Adapted from “Have You Negotiated How You’ll Negotiate?” by Robert C. Bordone, Professor, and Gillien S. Todd, Lecturer, Harvard Law School.
Breakdowns in negotiation are common. In the face of impasse at the bargaining table, managers are quick to blame either the challenges of the issues being negotiated or the hard-line tactics of the opposing parties. Yet these explanations are often merely symptoms that mask another problem: the failure to negotiate explicitly an effective negotiation process.
How should you negotiate your negotiation process? Before talks begin, explain to your counterpart what you hope to accomplish and how you propose to go about achieving these goals. If the other side envisions a different process, you must negotiate how to proceed.
If you prefer an interest-based approach focused on creating value for everyone involved, you may need to be particularly clear about your intention to spend time up front exchanging information and exploring mutually beneficial options. Your counterpart may anticipate an entirely different process, such as an exchange of detailed drafts or best offers. If you don’t clarify these fundamental differences in your approaches to negotiation, the resulting confusion will create mistrust and corrode your results.
Consider how HMO Kaiser Permanente (Oakland, Calif.) reacted during the mid-1990s after relations with a coalition of 26 of its local unions had soured. To survive in the increasingly competitive health care market, Kaiser Permanente knew that it had to change the way it approached negotiations with these unions. Given the growing mistrust, any unilateral attempt at change would have failed.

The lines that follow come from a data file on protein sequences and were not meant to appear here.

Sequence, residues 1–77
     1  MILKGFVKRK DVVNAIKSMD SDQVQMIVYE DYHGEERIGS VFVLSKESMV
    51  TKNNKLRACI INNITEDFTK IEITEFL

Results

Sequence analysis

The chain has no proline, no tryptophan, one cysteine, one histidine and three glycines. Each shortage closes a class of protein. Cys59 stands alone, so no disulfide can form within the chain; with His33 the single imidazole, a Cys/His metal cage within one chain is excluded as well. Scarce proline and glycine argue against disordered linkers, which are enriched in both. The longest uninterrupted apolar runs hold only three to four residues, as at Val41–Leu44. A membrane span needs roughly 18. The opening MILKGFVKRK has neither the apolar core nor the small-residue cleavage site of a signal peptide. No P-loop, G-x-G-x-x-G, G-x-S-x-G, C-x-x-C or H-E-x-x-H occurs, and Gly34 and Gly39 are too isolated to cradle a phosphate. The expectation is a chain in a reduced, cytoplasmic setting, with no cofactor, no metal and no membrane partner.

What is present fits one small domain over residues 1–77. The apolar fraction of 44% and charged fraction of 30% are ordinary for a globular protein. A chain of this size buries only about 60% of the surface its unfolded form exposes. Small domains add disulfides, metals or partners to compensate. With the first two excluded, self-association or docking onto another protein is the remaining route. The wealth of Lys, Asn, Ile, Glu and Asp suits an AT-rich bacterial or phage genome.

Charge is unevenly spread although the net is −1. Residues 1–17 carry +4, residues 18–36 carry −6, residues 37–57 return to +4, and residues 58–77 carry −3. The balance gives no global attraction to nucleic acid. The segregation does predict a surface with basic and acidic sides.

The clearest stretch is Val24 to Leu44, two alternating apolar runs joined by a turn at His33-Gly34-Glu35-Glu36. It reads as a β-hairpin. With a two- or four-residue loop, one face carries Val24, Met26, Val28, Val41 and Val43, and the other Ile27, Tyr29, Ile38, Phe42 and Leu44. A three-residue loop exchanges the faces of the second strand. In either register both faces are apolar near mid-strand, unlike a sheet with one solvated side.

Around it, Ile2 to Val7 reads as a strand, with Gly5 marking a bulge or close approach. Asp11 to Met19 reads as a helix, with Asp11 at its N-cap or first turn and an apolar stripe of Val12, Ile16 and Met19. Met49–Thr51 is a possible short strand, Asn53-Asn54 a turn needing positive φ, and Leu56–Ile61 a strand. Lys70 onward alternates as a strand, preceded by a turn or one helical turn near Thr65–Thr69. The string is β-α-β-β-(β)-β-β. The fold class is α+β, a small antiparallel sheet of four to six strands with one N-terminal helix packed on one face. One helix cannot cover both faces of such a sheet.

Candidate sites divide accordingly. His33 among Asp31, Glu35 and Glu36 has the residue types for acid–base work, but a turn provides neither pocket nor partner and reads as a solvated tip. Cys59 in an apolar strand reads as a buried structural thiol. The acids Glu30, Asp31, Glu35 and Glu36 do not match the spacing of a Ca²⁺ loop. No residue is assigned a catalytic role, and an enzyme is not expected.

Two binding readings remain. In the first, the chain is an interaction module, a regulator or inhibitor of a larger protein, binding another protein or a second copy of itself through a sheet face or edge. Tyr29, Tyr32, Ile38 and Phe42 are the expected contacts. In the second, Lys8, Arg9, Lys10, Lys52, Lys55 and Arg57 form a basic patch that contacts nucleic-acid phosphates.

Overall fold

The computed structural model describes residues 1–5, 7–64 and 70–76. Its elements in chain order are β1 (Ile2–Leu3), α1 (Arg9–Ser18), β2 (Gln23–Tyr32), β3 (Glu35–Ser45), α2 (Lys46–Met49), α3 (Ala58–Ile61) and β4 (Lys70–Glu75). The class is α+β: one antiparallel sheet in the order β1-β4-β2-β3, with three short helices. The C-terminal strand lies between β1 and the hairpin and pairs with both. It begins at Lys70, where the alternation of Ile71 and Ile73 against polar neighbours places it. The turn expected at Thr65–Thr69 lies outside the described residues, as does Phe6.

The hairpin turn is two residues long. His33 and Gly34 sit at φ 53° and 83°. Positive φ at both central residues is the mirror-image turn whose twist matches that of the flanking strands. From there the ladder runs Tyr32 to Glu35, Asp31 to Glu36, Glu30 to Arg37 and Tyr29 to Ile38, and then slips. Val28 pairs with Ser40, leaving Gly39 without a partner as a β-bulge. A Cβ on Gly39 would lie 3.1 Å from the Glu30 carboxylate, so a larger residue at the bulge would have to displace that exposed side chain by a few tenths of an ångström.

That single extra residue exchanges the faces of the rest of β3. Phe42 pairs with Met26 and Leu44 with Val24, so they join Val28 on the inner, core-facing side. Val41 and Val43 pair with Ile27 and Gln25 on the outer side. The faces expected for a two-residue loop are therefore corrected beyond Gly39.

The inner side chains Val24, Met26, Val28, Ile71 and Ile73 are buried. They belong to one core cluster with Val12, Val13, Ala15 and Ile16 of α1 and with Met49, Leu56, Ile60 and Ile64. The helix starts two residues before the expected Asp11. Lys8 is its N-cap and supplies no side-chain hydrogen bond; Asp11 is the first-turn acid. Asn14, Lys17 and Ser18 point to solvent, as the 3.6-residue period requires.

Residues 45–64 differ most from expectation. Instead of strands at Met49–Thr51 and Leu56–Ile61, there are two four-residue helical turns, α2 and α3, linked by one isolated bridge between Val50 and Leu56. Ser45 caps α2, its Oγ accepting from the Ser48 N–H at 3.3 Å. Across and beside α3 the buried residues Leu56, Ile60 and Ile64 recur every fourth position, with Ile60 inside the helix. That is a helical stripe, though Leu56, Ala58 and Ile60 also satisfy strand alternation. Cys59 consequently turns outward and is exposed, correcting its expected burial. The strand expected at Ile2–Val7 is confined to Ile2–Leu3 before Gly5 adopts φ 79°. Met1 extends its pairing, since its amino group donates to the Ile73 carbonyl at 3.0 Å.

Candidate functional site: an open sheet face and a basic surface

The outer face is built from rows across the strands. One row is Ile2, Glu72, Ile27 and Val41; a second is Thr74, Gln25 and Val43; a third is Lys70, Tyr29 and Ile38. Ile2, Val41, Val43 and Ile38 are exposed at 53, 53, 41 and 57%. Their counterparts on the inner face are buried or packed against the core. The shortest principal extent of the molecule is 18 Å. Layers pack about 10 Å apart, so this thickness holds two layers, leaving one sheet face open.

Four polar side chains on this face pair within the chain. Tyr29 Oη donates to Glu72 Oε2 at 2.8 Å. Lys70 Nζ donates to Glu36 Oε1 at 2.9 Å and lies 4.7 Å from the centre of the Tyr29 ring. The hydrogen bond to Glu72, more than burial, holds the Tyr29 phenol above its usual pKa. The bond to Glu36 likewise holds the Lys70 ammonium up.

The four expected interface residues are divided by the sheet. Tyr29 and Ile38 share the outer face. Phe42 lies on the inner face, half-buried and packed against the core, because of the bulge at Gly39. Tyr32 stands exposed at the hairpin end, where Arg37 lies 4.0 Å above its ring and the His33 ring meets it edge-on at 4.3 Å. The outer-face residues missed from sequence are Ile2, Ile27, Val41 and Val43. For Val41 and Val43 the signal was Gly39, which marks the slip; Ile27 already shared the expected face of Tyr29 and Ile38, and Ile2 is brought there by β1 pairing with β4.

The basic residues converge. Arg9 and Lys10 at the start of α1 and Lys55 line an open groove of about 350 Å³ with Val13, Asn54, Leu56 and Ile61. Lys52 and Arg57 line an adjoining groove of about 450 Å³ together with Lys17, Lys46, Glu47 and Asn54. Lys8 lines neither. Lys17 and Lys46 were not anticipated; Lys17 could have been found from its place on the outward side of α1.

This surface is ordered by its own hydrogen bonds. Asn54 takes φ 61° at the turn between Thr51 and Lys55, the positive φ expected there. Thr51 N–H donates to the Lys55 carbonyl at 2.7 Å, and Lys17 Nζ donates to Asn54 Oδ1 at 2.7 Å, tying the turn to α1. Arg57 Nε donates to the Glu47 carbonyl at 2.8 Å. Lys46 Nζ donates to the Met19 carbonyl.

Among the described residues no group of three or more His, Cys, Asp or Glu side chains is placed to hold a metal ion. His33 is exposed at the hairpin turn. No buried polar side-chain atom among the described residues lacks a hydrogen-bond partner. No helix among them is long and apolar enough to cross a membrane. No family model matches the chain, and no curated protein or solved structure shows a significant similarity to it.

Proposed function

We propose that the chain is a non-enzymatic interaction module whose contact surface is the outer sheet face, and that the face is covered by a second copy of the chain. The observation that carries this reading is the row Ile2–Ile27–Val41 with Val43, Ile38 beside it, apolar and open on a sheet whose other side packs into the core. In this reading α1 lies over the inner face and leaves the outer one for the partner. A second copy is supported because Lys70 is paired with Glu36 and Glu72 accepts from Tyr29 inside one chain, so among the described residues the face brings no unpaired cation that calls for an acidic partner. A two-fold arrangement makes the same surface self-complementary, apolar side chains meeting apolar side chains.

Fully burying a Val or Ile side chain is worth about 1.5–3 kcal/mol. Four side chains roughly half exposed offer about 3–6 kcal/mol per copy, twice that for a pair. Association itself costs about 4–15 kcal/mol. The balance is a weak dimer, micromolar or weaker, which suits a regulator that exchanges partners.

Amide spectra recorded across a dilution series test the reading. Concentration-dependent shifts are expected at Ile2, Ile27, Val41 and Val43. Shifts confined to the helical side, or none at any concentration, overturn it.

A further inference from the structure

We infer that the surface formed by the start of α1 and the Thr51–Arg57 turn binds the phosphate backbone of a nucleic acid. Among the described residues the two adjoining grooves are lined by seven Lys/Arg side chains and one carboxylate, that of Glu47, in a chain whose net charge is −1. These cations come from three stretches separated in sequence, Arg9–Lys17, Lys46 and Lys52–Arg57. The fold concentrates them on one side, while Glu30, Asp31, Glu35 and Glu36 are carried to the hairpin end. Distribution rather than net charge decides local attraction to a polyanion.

Instead, management approached union leaders about jointly designing a new process. Both sides worked together to design an interest-based negotiation process that began with joint training in mutual-gains techniques. The resulting partnership is now recognized as one of the most successful interest-based negotiations between labor and management to date.
Finally, in complex negotiations, consider establishing creative processes such as smaller working groups or subcommittees. At Kaiser Permanente, for example, seven separate task groups were formed to address issues such as wages, work-life balance, and employee health and safety. Each committee explored interests and brainstormed possible options relating to their assigned topic. In general, team members are more likely to participate actively and comfortably in subgroups if these groups don’t have the responsibility to make commitments on behalf of others.